Dr Huw Pritchard
Huw joined Cardiff School of Law and Politics in September 2015 as a lecturer in devolved law and governance. His main areas of interest are the law of devolution in Wales and the UK and the devolution of justice. He is also interested in constitutional law, administrative justice and the effects of devolution on the law of health and social care. Huw is also a member of the Cardiff School of Law and Politics Centre for Health and Social Care Law.
He was awarded a PhD from Bangor University School of Law in 2015. This focused on devolved administrative tribunals in Wales and their implications for the devolution of justice functions to Wales. His research was fully funded by the Coleg Cymraeg Cenedlaethol. Prior to this he completed an LLM in Devolved Law and Government at Bangor Law School (2009) and an LLB in Law and Welsh at Cardiff Law School (2008).
Huw has provided oral evidence to the Constitutional and Legislative Affairs Committee of the National Assembly for Wales and written responses to Welsh Government consultations.
He teaches Public Law, Legal Foundations and contributes to the Law of Devolution modules at undergraduate and postgraduate levels. He lectures through the medium of English and Welsh.
George, M & Pritchard, H, ‘The Draft Wales Bill and the Devil in the Detail’ (Click on Wales Blog, March 2016)
Pritchard, H & Williams, Ll, ‘Government Pauses for a Better Wales Bill‘ (Centre on Constitutional Change Blog, March 2016)
Pritchard H, ‘London and Cardiff Trading Blows‘ (Centre on Constitutional Change Blog, February 2016)
Professor Richard Rawlings
Richard Rawlings is Professor of Public Law at University College London and Honorary Distinguished Professor of Cardiff University. He is a Leverhulme Trust Major Research Fellow, and Constitution Unit Associate. He is Honorary Bencher of Middle Temple, a Fellow of the Learned Society of Wales, and Life Fellow of the Institute of Welsh Affairs. He was formerly Legal Adviser to the House of Lords Constitution Committee and currently serves on the Welsh Advisory Committee of the Law Commission.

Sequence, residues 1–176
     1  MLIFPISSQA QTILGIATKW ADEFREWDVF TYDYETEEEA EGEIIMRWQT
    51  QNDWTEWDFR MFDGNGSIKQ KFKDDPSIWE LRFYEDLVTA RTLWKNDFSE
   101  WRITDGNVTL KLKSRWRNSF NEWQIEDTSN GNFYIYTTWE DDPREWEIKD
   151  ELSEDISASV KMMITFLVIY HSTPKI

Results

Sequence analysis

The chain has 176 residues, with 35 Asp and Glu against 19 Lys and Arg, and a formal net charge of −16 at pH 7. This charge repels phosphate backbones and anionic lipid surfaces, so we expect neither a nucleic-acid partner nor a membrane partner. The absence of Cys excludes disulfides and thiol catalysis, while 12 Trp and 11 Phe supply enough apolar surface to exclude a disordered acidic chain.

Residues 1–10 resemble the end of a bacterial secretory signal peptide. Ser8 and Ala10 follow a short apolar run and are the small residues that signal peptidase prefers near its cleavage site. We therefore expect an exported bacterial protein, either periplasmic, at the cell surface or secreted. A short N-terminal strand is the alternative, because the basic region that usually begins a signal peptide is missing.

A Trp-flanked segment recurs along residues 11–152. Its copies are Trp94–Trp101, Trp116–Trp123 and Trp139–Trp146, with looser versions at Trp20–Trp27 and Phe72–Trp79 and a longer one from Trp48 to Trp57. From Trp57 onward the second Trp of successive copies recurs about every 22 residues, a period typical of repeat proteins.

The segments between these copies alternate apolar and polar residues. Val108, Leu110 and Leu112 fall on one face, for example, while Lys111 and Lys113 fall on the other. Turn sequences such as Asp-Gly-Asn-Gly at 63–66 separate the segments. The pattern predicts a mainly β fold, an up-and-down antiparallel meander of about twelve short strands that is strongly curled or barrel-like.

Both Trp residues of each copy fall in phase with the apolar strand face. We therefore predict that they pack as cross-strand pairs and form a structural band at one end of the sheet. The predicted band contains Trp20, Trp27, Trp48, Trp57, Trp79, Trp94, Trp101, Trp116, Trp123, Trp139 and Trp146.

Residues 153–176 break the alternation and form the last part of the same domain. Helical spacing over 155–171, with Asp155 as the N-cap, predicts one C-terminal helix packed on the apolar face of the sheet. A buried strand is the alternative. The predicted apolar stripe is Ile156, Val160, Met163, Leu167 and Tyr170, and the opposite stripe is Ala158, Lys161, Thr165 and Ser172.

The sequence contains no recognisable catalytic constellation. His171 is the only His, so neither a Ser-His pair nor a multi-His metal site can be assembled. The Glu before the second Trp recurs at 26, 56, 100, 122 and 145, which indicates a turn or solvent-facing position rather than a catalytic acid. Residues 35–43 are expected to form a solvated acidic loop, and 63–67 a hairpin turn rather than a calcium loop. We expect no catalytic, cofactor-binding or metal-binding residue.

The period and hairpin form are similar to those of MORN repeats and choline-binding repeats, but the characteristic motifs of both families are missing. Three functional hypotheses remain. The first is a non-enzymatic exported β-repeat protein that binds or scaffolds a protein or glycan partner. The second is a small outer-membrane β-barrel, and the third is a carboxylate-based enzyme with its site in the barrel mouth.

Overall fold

Professor Richard Rawlings has a worldwide reputation and is one of the most eminent Chairs of Law in the UK. He is a distinguished legal scholar of devolution and his 2003 book, Delineating Wales remains one of the finest scholarly studies of devolution.
Professor Rawlings has strong links with Cardiff University’s Wales Governance Centre having served on its advisory board. He was the author of the highly influential piece of work the Centre published on the Draft Wales Bill in 2015.
Professor Daniel Wincott – Blackwell Chair in Law
Daniel Wincott holds the Blackwell Law and Society Chair at Cardiff University School of Law and Politics. A political scientist and policy analyst by background, he has developed wide-ranging research interests and an enthusiasm for working across disciplines (politics, law, socio-legal studies, social and public policy). Professor Wincott moved to Cardiff from a Chair in European and Comparative Politics at the University of Birmingham and earlier held positions in Law and Politics at the Universities of Leicester and Warwick. He has held an Honorary Professorial Fellowship in the School of Social and Political Sciences at the University of Edinburgh.
Professor Wincott’s research ranges over such issues as: devolution and territorial governance; Constitutional law and politics; comparative welfare state theory and analysis; European integration, especially in the areas of social policy and law. It often engages with theoretical and methodological issues as well as empirical analysis. His most recent books are The Political Economy of European Welfare Capitalism (Palgrave 2012, co-author with Colin Hay), Citizenship after the Nation State (Palgrave 2013, co-editor with Ailsa Henderson and Charlie Jeffery) and Exploring the ‘legal’ in socio-legal studies (Palgrave 2015, co-editor with David Cowan). He is currently a co-investigator on the Economic and Social Research Council’s WISERD/Civil Society research programme (funded to the tune of some £7 million), working on the place of the Third Sector and Civil Society in welfare policy and provision.
Becoming Head of Cardiff Law School in 2013, Professor Wincott led the merger of Law with the University’s Department of Politics and International Relations during 2013/14. As Head off the Cardiff University School of Law and Politics, he designed and implemented a transformative expansion of the School’s work in the field of International Relations – under his leadership 18 new members of staff at all levels were appointed during 2015.
Daniel Wincott is a member of the ESRC’s Research Committee as serves as Chair of the Advisory Group to the Council’s ‘UK in a Changing Europe’ intitiative. He is a member of the Management group of the Wales ESRC Doctoral Training Centre. Daniel Wincott is Co-chair of the Wales Governance Centre. He is a member of the editorial board of the Journal of Law and Society and has been Editor of the Journal of Common Market Studies.